LEONARD T. STRAND, Magistrate Judge.
This case is before me on a motion to sever (Doc. No. 38) filed by defendant Trey Michael Boykin (Boykin). Plaintiff (the Government) has filed a partial resistance (Doc. No. 42). Boykin's co-defendant, Gerry Alan Patterson (Patterson) has not filed a response. No party has requested oral argument and, in any event, I find that oral argument is not necessary. See Local Rule 7(c). The motion is now fully submitted.
On May 21, 2013, the Grand Jury returned an indictment against Boykin and Patterson. The indictment contains a total of six counts, some naming both defendants and others naming only one:
Count Offense Charged and Date(s) Alleged Against 1 Conspiracy to distribute marijuana, June 2012 through February Boykin only 25, 2013 2 Kidnapping, February 25, 2013 Both 3 Possession of a firearm in furtherance of a crime of violence, Both February 25, 2013 4 Prohibited person in possession of a firearm, January 6, 2012 Patterson only 5 Possession of a stolen firearm, January 6, 2012 Patterson only 6 Prohibited person in possession of a firearm, February 25, 2013 Both
See Doc. No. 3. Trial is currently scheduled to begin November 18, 2013.
In his motion for severance, Boykin seeks to both (a) sever his trial from Patterson's and (b) sever the four counts charged against him into two separate trials, one for Count 1 and one for counts 2, 3 and 6. In its resistance, the Government states that it does not object to severing Boykin from Patterson for trial. However, the Government does object to severing the counts against Boykin into two separate trials.
1. Joinder of Defendants
An indictment may "charge 2 or more defendants if they are alleged to have participated in the same act or transaction, or in the same series of acts or transactions, constituting an offense or offenses." Fed. R. Crim. P. 8(b). However, the court may sever defendants if it appears that a defendant or the Government is prejudiced by a joinder. Fed. R. Crim. P. 14(a). The grant or denial of a motion to sever is left to the court's discretion. See, e.g., United States v. Mickelson, 378 F.3d 810, 817 (8th Cir. 2004). The Supreme Court has held that the joinder and severance rules "are designed to promote economy and efficiency and to avoid a multiplicity of trials, so long as these objectives can be achieved without substantial prejudice to the right of the defendants to a fair trial." Zafiro v. United States, 506 U.S. 534, 540 (1993) (internal quotations omitted).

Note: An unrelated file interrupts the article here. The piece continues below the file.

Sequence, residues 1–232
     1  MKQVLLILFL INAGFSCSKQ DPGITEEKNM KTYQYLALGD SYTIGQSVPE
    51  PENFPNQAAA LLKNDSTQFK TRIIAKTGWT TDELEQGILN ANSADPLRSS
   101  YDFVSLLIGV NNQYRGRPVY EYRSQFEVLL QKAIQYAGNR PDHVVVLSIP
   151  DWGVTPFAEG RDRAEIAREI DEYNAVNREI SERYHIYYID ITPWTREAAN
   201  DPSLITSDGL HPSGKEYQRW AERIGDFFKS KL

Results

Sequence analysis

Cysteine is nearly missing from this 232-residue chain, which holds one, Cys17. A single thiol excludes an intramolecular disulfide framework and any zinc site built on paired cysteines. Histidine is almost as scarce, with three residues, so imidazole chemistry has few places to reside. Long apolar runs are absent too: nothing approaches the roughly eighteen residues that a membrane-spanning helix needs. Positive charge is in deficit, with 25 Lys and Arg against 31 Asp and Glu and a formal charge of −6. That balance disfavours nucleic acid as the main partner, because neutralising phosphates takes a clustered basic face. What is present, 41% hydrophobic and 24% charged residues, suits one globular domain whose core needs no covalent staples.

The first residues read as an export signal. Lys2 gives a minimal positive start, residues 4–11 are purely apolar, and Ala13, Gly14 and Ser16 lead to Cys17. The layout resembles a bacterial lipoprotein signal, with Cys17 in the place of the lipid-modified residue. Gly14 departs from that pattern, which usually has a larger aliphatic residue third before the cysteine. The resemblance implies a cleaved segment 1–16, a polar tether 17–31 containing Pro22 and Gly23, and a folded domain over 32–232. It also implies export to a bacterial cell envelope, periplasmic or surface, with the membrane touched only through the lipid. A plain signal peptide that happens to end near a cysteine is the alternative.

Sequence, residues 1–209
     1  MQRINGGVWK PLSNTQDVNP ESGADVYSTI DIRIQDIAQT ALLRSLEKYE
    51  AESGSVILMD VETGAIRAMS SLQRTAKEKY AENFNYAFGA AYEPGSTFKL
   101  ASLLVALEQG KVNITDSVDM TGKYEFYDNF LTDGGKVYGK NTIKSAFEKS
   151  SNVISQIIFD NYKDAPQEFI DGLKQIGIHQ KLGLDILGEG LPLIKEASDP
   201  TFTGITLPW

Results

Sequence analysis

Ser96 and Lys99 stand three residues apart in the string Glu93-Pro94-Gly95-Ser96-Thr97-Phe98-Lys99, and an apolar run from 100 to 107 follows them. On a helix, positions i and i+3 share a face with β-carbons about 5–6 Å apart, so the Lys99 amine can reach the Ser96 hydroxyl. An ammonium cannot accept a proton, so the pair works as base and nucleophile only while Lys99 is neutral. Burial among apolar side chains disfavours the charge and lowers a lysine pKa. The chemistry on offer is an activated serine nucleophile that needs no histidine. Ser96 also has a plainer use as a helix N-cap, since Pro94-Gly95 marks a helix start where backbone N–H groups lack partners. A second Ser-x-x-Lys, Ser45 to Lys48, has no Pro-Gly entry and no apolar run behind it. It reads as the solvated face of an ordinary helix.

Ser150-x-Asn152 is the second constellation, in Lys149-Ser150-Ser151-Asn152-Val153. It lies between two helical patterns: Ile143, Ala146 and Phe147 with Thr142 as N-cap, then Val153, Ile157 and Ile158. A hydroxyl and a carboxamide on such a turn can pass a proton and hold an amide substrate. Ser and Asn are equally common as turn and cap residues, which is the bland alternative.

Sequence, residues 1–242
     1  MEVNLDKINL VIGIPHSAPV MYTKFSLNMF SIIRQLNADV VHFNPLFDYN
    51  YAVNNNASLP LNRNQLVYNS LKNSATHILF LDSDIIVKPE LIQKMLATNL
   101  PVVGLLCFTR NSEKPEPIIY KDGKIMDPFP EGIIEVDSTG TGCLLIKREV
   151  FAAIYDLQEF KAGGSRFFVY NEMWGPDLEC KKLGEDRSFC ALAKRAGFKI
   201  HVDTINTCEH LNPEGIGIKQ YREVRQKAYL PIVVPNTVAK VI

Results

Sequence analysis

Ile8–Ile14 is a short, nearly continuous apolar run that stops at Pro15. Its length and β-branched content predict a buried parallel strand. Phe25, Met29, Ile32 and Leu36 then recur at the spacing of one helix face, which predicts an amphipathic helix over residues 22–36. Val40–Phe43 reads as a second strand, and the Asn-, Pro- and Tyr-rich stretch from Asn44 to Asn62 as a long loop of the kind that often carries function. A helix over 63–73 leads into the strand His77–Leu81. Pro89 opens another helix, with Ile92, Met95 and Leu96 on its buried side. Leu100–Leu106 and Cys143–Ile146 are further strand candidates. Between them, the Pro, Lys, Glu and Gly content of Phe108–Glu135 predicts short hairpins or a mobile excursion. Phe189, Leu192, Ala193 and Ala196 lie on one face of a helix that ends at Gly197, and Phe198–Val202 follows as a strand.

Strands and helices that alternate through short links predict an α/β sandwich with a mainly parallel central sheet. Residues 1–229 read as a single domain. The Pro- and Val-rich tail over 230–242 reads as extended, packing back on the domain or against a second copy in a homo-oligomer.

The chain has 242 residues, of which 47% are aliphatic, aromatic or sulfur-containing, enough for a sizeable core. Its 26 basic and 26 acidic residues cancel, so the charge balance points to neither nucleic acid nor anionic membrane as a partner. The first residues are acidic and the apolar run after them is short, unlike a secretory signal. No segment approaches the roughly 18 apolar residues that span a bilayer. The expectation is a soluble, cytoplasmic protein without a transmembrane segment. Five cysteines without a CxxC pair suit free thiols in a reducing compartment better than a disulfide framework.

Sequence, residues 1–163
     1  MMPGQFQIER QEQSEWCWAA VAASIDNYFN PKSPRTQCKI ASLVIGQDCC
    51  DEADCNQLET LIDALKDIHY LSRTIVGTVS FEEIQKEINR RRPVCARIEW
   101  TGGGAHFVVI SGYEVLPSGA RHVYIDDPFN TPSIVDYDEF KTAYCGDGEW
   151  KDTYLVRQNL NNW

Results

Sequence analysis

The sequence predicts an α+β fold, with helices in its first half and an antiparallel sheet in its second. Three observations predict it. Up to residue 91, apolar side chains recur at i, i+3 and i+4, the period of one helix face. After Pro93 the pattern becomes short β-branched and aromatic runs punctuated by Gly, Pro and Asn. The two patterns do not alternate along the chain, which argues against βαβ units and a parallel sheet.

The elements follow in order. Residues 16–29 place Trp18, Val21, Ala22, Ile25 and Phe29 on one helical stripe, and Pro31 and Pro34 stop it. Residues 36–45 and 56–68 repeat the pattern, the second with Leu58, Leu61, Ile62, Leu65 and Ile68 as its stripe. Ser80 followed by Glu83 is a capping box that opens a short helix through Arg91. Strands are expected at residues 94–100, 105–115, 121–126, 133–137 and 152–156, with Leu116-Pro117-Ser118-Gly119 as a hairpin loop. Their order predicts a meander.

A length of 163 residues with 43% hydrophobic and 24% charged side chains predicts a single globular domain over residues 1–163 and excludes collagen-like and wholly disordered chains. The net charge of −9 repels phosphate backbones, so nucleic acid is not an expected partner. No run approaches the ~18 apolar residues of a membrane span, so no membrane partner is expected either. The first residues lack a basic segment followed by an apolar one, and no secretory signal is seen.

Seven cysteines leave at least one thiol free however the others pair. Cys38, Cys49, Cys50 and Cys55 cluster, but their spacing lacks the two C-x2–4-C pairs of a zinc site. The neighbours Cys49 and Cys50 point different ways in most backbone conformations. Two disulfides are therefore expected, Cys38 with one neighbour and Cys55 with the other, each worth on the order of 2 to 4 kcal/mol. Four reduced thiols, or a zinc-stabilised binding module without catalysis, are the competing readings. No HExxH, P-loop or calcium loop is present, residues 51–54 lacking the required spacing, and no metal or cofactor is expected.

A defendant seeking severance must show "real prejudice, " that is, "something more than the mere fact that he would have had a better chance for acquittal had he been tried separately." United States v. Blaylock, 421 F.3d 758, 766 (8th Cir. 2005) (quoting United States v. Oakie, 12 F.3d 1436, 1441 (8th Cir. 1993)). A defendant can demonstrate real prejudice by showing either (a) his defense is irreconcilable with that of his co-defendant(s) or (b) the jury will be unable to compartmentalize the evidence as it relates to the separate defendants. Mickelson, 378 F.3d at 818; see also United States v. Washington, 318 F.3d 845, 858 (8th Cir. 2003); United States v. Jackson, 64 F.3d 1213, 1217 (8th Cir. 1995). In addition, the Supreme Court has recognized that a defendant is deprived of his rights under the Confrontation Clause when a codefendant's confession that incriminates both defendants is introduced at their joint trial, even if the jury is instructed to consider that confession only against the nontestifying codefendant. Bruton v. United States, 391 U.S. 123 (1968).
Here, Boykin contends that evidence pertaining to Patterson would have a spillover effect, creating prejudice to Boykin in the form of a "guilt by association" inference. Boykin also contends that Patterson has given statements in which he purports to implicate Boykin, thus creating a situation in which the two defendants have irreconcilable defenses. Based on Boykin's arguments, and the Government's consent to separate trials, I find that Boykin would suffer "real prejudice" if tried ...